These types of matches are today called fuses and are still used to control the time of delay before an ignition of pyrotechnics or explosives. These industries still preserve the original meaning of the word in terms like “black match” which is a black powder impregnated fuse and in "Bengal" matches which are a type of firework that produces a long burning colored flame.
Small sticks of pinewood impregnated with sulfur were used by ancient Egyptians around 3500 BCE but these could not be lit by striking like modern matches.
In 1680, Irish physicist Robert Boyle coated a small piece of paper with phosphorous and coated a small piece of wood with sulfur. He then rubbed the wood across the paper and created a fire. However, there was no useable match created by Robert Boyle.
The first self-igniting match was invented in 1805 by K Chancel who was an assistant to the famous Professor Louis Jacques Thenard of Paris. The head of the match was a mixture of potassium chlorate, sulfur, sugar and rubber. They were lit by dipping them in a small asbestos bottle of sulfuric acid and they were not only dangerous but also quite expensive so they were never in widespread use.
English chemist John Walker invented the first "friction match" in 1827. The match head was a mixture of antimony sulfide, potassium chlorate, gum and starch and could be ignited by striking against any rough surface. These were the first “strike anywhere” matches. Walker named his matches “Congreves” after the famous Sir William Congreve who was an early experimenter in rocketry. Walker never patented his matches which left the door open for Samuel Jones to do so and he called his matches “Lucifers.”
These early matches were unsatisfactory for a number of reasons. The flames were unsteady and the initial strike produced a rather violent explosion that could send sparks flying in all directions. Additionally, the odor produced was quite unpleasant but despite these problems, these new matches were quite popular and helped to fuel the growing popularity of smoking tobacco.
It was a French chemist, Charles Sauria, who added white phosphorus to match heads in 1831, which removed the noxious odor but these matches had to be kept in an air-tight container and the poisonous nature of white phosphorous led to many deaths, particularly among children because the match heads also contained sugar. Once the dangers became known, public outcry eventually led to a ban on these types of matches, but not for many years. The need for air-tight containers led to the development of Matchsafes (also called Vesta Cases) a common accessory for Victorian gentlemen.
In 1836, Hungarian chemistry student Janos Irinvi got the idea to replace the potassium chlorate with lead dioxide and invented the “noiseless” match so called because the ignition explosion was much less violent than with previous matches. Irinvi sold his invention to match manufacturer Istvan Romer and the production of matches became a big business. As is often the case in these situations, Romer became rich off Irinvi’s invention and Irinvi himself died poor.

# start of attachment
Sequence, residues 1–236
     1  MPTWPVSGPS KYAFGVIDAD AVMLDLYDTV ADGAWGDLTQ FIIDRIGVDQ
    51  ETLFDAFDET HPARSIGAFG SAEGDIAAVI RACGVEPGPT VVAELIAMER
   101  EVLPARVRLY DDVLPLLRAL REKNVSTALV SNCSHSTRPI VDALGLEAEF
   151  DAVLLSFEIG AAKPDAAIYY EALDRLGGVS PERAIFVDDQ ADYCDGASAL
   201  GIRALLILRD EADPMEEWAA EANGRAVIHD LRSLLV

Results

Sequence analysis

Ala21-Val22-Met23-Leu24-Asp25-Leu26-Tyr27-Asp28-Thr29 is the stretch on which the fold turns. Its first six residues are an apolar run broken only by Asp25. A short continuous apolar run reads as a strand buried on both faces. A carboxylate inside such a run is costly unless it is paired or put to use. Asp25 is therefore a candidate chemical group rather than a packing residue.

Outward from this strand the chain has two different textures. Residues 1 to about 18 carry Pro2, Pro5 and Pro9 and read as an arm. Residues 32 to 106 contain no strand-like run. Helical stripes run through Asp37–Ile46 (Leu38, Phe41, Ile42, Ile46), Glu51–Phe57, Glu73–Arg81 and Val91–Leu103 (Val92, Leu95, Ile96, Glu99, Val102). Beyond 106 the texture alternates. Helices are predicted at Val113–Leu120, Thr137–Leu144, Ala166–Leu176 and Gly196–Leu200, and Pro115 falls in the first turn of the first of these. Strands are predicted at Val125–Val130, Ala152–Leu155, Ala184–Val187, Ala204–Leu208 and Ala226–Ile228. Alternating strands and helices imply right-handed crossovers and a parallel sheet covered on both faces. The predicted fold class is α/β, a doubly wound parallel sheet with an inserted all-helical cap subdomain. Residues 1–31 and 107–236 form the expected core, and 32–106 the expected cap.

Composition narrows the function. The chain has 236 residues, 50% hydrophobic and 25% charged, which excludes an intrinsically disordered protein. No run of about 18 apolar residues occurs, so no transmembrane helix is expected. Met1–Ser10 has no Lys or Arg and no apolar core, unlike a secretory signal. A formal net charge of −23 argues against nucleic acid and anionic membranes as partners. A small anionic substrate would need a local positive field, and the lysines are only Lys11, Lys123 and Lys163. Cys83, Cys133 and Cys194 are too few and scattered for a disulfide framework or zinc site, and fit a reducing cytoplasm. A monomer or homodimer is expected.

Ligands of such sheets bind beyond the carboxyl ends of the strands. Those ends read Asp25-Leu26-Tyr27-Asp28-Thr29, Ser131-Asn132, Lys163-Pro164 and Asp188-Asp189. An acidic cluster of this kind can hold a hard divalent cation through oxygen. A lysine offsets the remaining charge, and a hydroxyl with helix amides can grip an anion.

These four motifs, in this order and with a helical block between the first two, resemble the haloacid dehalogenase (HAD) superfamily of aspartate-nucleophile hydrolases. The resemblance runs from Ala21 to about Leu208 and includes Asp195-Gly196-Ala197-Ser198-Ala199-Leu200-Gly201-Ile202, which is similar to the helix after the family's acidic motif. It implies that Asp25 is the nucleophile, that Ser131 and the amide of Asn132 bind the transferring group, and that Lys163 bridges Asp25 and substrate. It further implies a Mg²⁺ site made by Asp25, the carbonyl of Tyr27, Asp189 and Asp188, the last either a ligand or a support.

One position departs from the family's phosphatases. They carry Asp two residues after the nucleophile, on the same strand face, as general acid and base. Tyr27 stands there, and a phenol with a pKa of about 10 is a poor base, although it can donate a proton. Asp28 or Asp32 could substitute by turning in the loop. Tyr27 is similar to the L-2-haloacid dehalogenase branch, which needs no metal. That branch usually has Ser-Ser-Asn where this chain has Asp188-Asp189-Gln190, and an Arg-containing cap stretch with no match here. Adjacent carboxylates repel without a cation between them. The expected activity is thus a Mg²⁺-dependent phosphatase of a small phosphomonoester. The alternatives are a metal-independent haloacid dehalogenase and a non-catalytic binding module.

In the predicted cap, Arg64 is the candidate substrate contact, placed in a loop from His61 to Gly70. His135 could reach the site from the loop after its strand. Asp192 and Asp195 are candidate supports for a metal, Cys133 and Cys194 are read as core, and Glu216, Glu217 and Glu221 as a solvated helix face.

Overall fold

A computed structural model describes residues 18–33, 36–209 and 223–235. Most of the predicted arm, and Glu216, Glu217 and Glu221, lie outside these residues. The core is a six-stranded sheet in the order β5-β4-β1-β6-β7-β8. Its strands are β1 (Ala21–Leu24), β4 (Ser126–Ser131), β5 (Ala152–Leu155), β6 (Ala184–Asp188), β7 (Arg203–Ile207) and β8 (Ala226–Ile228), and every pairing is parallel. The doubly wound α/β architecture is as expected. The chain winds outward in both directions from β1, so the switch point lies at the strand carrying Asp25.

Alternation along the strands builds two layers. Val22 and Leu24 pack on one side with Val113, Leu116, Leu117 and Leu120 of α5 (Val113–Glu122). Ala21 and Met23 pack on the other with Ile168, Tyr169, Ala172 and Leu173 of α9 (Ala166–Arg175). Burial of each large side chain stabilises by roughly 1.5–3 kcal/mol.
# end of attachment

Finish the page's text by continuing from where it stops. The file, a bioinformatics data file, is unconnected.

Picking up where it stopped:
The use of white phosphorus made early matches, including the Noiseless match, dangerous to both the users and the people making them.
Safer formulations were developed, but these types of matches were more expensive to produce than white phosphorus-based matches, and people continued to buy white-phosphorus based matches until laws prohibiting the use of white phosphorus in matches were passed. Finland banned white-phosphorus based matches in 1872; Denmark in 1874; Sweden in 1879; Switzerland in 1881 and Holland in 1901.
In 1861, Bryant & May started production of their matches called “Swan Vestas” named after the Roman Goddess of hearth and home. Their matches became so popular that “vesta” became synonymous with match and matchsafes became known as Vesta Cases.
In 1906, the Berne Convention, was reached at Berne, Switzerland, which prohibited the use of white phosphorus in matches. This required each country to pass laws prohibiting the use of white phosphorus in matches. By 1925, virtually all countries, including China, had outlawed white phosphorus matches
The first so-called “safety match” was invented by Gustaf Erik Pasch in 1844 and was improved by John Edvard Lundström a decade later.
Their safety is due to the separation of the combustible ingredients between the match head and a special striking surface, and the replacement of white phosphorus with red phosphorus. The striking surface is composed of powdered glass and red phosphorus, and the match head is composed of antimony sulfide and potassium chlorate. The act of striking converts some of the red phosphorus to white by friction heat. The small amount of white phosphorus then ignites, and this starts the combustion of the match head.
Two French chemists, Savene and Cahen, developed a safety match using phosphorus sesquisulfide. They proved that phosphorus sesquisulfide was not poisonous, that it could be used in a "strike anywhere" match and that the match heads were not explosive. They patented a safety match composition in 1898 based on phosphorus sesquisulfide and potassium chlorate. Albright and Wilson developed a safe means of making commercial quantities of phosphorus sesquisulfide in the United Kingdom in 1899 and started selling it to match makers.
In 1901 Albright and Wilson started making phosphorus sesquisulfide at their Niagara Falls plant for the U.S. market, but American manufacturers continued to use white phosphorus based matches. The Niagara Falls plant continued making them until 1910, when the United States Congress banned the shipment of white phosphorus matches in interstate commerce. At the same time the largest producer of matches in the USA granted free use, in the USA, of its phosphorus sesquisulfide safety match patents. In 1913 Albright and Wilson also started making red phosphorus at Niagara Falls.
Strike-anywhere matches are classed as dangerous goods, U.N. 1331, and are forbidden on aircraft.
Storm matches (also known as lifeboat matches), a component of many a survival kit, have a strikeable tip like a normal match but much of the remainder of the stick is coated with a combustible compound which will keep burning even in a strong wind. They have a wax coating to make them waterproof.
Bengal matches are small hand-held fireworks akin to sparklers. They are similar to storm matches in form but include compounds of strontium or barium in the compound on the stick to produce a red or green flame respectively.
The development of a specialised matchbook with both matches and a striking surface did not occur until the 1890s with the American Joshua Pusey, who later sold his patent to the Diamond Match Company. The Diamond Match Company was later bought by Bryant and May.
The hobby of collecting match-related items, such as matchcovers and matchbox labels, is called phillumeny.